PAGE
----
BREAKING: BATFE White Paper Proposes Changes to Regulations


BREAKING: BATFE White Paper Proposes Changes to Regulations

In a very interesting read that appears to be a “leaked” white paper composed by Ronald Turk (the Chief Operating Officer of the ATF), numerous beneficial changes are proposed.

The biggest and most exciting one appears to be one centering around the classification of suppressors in the NFA:

ATF’s experience with the criminal use of silencers also supports reassessing their inclusion in the NFA. On average in the past 10 years, ATF has only recommended 44 defendants a year for prosecution on silencer-related violations; of those, only approximately 6 of the defendants had prior felony convictions. Moreover, consistent with this low number of prosecution referrals, silencers are very rarely used in criminal shootings. Given the lack of criminality associated with silencers, it is reasonable to conclude that they should not 7 be viewed as a threat to public safety necessitating NFA classification, and should be considered for reclassification under the GCA.

The next helpful proposal is regarding questions around “stabilizing braces” that have been repeatedly sent to the ATF. As you will recall, they came out with a clarification discussing “use” and it became a much ridiculed meme. This white paper suggests an amendment to the clarification determination around the brace. Basically redacting that language about it’s use:

ATF has not made another NFA determination where a shooter’s use alone was deemed be a “redesign” of the product/firearm resulting in an NFA classification. This ruling has caused confusion and concern among firearm manufacturers, dealers, and consumers about the extent to which unintended use of a product may be a basis for NFA classification. To mitigate this confusion and concern, ATF could amend the determination letter to remove the language indicating that simple use of a product for a purpose other than intended by the manufacturer – without additional proof or redesign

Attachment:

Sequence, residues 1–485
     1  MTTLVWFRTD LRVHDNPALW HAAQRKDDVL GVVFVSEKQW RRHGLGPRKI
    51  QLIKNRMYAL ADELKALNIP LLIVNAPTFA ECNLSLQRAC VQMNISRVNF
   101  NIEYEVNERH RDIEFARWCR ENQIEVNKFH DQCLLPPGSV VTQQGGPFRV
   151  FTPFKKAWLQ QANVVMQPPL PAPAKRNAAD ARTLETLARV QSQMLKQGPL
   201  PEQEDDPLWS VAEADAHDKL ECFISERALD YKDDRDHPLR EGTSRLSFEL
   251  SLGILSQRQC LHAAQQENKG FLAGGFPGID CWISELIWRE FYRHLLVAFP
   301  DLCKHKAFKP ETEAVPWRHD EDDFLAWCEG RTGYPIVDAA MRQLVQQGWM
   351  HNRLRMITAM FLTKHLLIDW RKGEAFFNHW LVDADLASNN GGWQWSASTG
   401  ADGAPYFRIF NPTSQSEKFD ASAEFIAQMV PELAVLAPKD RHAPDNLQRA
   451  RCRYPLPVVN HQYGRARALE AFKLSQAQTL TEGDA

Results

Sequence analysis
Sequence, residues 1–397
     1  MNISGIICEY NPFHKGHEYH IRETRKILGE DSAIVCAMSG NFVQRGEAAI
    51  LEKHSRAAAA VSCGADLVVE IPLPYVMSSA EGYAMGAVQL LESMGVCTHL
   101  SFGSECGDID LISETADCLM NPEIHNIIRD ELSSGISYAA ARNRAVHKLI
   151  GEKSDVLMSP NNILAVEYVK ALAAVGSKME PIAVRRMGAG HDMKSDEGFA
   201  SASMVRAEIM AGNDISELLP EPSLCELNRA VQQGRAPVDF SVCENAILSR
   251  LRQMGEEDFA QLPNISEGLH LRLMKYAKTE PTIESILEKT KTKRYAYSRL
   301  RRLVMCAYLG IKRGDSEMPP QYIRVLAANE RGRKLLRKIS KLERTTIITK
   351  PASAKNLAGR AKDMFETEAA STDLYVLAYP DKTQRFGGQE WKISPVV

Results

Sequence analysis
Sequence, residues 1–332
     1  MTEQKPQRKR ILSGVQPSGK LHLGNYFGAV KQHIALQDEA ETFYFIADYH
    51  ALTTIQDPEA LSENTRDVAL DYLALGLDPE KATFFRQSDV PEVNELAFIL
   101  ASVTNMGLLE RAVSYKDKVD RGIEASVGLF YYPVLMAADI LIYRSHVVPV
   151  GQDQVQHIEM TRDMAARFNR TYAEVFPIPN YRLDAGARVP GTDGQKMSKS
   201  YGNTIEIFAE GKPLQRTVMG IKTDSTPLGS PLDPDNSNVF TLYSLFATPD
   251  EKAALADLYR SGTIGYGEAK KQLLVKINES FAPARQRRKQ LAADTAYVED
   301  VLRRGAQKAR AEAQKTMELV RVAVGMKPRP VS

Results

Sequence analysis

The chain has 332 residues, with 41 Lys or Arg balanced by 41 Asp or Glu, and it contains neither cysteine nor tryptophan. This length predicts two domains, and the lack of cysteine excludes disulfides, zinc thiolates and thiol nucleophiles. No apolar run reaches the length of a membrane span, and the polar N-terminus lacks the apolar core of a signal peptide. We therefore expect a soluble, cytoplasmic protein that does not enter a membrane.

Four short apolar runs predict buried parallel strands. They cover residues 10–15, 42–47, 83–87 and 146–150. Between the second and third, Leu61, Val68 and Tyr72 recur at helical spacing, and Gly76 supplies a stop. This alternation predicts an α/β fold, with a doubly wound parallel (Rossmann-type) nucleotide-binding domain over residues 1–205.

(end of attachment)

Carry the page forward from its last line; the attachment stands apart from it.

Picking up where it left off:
The final point I found interesting (though really it would behoove you to read the whole thing–most points are informative), is around the idea of conducting a new “sporting purpose study.” The benefit from this that right now a number of states use the concept of what is a modern sporting rifle when drafting restrictive legislation. What I read from this is that by updating the lists and reviewing classifications we would potentially have more foreign imports available that were otherwise unreasonably restricted.

ATF could re-examine its almost 20-year old study to bring it up to date with the sport shooting landscape of today, which is vastly different than what it was years ago. Action shooting sports and organizations such as 3 Gun and the United States Practical Shooting Association (USPSA) have also drastically expanded in recent years. Restriction on imports serves questionable public safety interests, as these rifles are already generally legally available for manufacture and ownership in the United States. Low cost foreign made firearms are also still imported and converted into “non-sporting” configurations. These restrictions have placed many limitations on importers

In any case, it is good to see the BATFE taking measures to become more efficient and also that appear to support gun ownership–something most people, I would argue, do not associate with the agency (no matter how inaccurate that view may be).

You can read the whole document here:

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